Right now, about 200 miles above your head, the space shuttle Endeavor is conducting its final mission. And in just a few months, the space shuttle Atlantis will fly the last space shuttle mission, bringing to a close 30 years of low-orbit aspirations.
The space shuttle program began with lofty ambitions. It once hoped to usher in a new era of inexpensive space transportation, and easily accessible low-gravity science, but that never quite panned out. Plenty of valuable science was conducted aboard the various shuttles and the International Space Station, but the Challenger disaster in 1986 not only tempered NASA’s ambitions, it also helped convince politicians that manned space science was not only too expensive, but also too costly.
The disaster happened at exactly the wrong time. NASA was just beginning to expand its brand name. Christa McAuliffe was the first proper civilian to be launched into space, and the publicity surrounding the event was of paparazzi-style proportions. I can still remember, distinctly, watching the crazy corkscrew smoke streamers that signaled disaster—the footage replayed in my eighth-grade history class for two days.
Very painful questions followed, and it eventually became apparent that the disaster was entirely avoidable: NASA administrators had known of the dangers in the fatal O-ring design since 1977.
One of the more disturbing revelations of the disaster was the very real possibility that at least three of the astronauts were alive, and possibly conscious, for almost three minutes after breakup.
A longer and more terrifying three minutes I cannot imagine.
Shuttle missions continued, of course, but even though talk of next-generation space vehicles began in the '90s, it was the Columbia disaster in 2003 that crippled whatever swagger NASA had left.
According to the report on the Challenger disaster, shuttles were supposed to have a failure rate of 1 in 10,000 flights. Instead it was 1 in 65. That’s sort of like aiming for Mt. Everest and landing in the Gobi desert.
Here’s the thing, though. We need the space program—desperately.
And we need a space program that has more than just low-orbit aspirations. Now, before any scientists or techies start launching qualifiers, let me say this: I know there is a tremendous amount of scientific value in unmanned space science. I’m all for it.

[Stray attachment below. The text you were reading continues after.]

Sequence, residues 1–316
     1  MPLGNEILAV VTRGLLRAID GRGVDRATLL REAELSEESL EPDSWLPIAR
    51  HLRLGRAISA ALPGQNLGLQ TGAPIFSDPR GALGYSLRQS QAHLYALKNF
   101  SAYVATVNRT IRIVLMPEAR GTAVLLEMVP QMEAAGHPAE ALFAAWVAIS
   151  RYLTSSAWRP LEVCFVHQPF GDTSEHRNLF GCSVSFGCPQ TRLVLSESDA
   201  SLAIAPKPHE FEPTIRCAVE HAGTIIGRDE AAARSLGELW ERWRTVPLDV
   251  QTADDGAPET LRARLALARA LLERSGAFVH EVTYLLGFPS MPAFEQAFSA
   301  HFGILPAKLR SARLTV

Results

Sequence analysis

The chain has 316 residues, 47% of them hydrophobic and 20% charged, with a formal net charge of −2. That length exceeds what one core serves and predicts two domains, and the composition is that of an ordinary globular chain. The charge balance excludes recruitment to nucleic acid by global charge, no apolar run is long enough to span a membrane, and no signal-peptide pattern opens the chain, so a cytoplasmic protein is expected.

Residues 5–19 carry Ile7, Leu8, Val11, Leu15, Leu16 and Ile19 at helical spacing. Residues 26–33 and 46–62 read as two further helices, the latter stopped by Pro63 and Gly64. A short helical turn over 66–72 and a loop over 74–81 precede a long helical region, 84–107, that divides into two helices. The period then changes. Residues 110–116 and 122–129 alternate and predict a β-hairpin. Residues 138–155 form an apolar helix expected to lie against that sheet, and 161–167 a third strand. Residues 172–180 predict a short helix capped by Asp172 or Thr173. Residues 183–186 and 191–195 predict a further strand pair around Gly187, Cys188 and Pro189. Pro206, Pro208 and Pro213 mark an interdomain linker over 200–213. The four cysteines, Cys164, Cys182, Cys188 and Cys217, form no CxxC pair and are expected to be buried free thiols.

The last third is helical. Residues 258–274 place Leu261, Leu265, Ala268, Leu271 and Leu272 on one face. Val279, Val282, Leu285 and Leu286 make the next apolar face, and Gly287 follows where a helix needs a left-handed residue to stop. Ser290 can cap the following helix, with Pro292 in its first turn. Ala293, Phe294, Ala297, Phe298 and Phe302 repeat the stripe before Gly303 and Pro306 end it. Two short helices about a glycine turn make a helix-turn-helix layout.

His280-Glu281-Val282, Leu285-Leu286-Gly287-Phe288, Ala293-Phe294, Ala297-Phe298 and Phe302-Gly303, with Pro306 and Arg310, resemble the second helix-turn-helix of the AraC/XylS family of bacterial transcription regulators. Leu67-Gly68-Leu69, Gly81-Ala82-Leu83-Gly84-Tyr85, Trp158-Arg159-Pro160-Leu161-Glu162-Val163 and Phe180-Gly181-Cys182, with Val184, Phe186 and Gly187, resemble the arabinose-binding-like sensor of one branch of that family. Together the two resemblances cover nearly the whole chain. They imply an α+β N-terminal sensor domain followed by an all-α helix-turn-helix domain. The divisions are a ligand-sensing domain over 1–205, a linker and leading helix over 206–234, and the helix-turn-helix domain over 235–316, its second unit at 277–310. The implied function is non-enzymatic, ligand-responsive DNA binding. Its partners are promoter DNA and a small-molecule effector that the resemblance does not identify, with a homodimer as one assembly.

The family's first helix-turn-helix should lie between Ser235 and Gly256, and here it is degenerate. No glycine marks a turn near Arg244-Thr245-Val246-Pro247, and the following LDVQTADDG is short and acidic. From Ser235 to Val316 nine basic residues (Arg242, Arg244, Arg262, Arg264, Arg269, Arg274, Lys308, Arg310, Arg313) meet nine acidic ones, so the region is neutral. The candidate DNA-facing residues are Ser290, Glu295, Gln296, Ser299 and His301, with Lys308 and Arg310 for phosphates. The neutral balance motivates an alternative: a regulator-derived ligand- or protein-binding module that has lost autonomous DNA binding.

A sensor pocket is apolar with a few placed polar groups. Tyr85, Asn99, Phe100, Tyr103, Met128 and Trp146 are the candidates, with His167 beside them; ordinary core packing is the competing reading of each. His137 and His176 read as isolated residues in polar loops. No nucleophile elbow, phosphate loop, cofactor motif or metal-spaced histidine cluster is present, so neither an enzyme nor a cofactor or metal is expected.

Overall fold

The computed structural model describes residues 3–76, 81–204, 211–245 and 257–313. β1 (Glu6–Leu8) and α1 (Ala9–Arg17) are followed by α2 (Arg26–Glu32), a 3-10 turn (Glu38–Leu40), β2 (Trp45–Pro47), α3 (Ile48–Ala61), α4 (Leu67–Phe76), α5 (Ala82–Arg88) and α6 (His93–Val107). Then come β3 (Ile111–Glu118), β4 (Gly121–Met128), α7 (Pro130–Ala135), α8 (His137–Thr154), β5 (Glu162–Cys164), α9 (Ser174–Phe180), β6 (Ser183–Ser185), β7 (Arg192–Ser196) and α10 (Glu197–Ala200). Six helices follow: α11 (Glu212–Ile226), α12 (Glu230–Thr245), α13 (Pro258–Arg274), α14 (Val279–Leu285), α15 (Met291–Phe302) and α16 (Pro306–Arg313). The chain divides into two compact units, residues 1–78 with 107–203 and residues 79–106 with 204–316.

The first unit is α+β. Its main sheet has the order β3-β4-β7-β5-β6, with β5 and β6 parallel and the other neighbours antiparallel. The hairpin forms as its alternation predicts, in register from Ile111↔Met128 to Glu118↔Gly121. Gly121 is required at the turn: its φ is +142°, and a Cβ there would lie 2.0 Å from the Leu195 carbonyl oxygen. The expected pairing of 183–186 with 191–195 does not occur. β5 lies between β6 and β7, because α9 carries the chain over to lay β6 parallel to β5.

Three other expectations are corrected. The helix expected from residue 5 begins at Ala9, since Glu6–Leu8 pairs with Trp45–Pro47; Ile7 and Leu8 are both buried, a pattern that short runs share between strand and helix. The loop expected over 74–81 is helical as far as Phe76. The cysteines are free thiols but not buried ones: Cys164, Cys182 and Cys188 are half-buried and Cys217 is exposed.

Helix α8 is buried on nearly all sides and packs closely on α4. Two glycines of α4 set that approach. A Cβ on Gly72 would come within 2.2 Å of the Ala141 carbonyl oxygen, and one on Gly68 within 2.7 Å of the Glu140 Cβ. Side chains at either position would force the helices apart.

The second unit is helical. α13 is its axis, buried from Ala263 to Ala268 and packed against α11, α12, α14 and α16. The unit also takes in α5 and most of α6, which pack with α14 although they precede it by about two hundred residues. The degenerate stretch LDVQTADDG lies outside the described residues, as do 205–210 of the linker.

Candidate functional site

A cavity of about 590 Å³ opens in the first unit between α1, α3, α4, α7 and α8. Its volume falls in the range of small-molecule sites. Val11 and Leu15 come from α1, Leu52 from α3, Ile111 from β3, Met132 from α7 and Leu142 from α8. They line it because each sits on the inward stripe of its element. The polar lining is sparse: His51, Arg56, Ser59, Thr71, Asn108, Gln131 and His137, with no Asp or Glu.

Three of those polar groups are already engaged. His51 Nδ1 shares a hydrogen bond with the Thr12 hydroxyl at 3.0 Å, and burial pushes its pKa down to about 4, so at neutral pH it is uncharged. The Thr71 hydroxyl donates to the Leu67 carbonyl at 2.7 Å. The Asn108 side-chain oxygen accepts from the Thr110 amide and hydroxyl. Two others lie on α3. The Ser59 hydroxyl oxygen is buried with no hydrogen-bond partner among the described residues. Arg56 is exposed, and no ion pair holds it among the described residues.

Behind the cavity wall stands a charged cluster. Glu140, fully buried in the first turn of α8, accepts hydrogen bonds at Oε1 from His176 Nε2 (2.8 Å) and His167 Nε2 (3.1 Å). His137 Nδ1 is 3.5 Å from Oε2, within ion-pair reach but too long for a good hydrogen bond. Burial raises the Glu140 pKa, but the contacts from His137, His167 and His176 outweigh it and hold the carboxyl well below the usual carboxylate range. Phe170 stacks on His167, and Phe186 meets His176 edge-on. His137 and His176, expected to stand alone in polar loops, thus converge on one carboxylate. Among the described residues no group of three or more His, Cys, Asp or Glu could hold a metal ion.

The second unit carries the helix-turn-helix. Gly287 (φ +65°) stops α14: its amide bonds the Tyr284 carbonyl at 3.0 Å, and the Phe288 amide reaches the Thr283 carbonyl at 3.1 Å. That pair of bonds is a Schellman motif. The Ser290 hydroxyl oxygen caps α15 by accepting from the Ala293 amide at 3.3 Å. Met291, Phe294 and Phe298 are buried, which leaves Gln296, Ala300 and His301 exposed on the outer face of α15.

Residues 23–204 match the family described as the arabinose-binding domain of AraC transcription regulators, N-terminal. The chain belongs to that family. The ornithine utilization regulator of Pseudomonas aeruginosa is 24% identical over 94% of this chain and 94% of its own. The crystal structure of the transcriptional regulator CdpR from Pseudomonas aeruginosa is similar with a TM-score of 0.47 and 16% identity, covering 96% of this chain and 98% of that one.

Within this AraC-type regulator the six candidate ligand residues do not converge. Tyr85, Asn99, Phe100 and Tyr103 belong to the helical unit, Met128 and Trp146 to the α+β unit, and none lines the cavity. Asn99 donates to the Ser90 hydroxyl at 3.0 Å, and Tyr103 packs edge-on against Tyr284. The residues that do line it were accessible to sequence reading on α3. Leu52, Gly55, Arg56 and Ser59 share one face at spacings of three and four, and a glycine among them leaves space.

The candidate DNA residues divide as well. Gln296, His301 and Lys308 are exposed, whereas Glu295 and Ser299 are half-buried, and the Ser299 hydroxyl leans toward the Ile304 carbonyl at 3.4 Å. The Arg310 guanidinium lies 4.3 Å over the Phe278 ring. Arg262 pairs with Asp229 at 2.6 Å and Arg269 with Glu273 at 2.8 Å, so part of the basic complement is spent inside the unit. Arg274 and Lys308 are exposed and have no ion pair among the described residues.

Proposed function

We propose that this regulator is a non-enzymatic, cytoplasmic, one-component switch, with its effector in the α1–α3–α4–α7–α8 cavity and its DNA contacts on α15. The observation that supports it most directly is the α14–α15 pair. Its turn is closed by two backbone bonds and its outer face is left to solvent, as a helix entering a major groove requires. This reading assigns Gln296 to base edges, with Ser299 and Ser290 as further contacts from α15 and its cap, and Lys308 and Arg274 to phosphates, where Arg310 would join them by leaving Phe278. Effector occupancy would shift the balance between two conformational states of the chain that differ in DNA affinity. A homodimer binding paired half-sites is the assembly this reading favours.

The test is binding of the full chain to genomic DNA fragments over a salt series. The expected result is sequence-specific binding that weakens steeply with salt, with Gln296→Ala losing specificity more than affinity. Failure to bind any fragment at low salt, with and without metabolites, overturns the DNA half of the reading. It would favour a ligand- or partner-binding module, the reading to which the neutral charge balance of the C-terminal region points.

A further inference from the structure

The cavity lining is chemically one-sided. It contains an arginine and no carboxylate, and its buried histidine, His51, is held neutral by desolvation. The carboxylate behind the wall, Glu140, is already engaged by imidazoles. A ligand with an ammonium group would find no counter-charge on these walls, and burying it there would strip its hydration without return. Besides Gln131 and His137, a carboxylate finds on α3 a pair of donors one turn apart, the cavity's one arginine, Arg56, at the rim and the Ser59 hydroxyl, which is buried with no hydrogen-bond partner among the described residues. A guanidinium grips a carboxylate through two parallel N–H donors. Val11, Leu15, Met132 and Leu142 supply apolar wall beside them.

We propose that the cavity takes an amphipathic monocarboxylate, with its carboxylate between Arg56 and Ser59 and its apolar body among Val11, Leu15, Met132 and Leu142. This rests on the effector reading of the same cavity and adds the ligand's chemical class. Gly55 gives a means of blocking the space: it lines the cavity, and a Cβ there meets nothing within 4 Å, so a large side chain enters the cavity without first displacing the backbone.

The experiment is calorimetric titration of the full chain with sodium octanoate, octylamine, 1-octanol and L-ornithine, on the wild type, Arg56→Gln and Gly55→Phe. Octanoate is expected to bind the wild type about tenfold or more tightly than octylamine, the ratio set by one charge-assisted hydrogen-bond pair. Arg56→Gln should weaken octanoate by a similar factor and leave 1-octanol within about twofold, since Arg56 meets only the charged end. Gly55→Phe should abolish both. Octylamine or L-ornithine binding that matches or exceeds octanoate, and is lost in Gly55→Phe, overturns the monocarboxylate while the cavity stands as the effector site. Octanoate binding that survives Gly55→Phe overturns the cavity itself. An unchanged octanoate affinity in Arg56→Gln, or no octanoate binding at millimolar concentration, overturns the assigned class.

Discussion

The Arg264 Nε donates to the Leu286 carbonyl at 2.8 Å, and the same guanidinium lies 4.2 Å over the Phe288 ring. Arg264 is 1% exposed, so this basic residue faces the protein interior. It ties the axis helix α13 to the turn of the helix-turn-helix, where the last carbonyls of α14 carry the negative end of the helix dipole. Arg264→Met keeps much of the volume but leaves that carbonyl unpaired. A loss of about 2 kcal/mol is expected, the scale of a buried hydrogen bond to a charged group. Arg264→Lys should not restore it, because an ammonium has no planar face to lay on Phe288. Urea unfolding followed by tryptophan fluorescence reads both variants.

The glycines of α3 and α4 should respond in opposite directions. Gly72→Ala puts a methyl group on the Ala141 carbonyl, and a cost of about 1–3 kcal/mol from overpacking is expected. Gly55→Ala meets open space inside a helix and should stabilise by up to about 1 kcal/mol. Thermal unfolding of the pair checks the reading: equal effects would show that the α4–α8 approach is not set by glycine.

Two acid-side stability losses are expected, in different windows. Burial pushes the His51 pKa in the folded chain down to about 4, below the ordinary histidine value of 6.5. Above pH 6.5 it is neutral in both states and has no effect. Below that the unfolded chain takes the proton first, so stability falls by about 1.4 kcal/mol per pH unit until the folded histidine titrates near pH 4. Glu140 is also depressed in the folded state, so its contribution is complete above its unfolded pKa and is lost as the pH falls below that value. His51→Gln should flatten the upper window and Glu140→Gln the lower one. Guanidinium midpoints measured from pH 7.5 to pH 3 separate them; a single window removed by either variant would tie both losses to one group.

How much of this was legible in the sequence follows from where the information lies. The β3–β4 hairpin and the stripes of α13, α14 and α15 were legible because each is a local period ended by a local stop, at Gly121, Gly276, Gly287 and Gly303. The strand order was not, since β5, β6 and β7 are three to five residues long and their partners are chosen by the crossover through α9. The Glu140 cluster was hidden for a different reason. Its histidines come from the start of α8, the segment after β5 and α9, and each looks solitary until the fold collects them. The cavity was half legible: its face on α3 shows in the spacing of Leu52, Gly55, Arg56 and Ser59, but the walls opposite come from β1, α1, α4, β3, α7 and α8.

Please, put three advanced technology large-aperture space telescopes (ATLAST) into orbit; no objections here. Increase public funding for robotic scientific explorations? Absolutely.
But it’s not enough.
Human beings need larger aspirations. In fact, I would argue that part of the reason fundamentalism has been on the rise—in America, at least—is that we, as a people, have largely abandoned bold scientific endeavors. Science’s disjointed narratives just don’t play as well as religious narratives. And as a result, most of us find meaning in religion, not science.
But it doesn’t have to be that way.
It may seem crazy in these depressed economic times, but we need moon bases, and Mars bases and manned flybys of Ceres. What is the scientific advantage of these explorations? More than can be enumerated, I’m sure; but to be honest, that’s not what’s important to me.
No, the reason to expand the space program is spiritual. I can think of no better way to promote the transcendental unity of the species than to put proper perspective on our collective predicament.
One tiny blue ball. That’s all we are.
And we need a bold space program to help us remember that.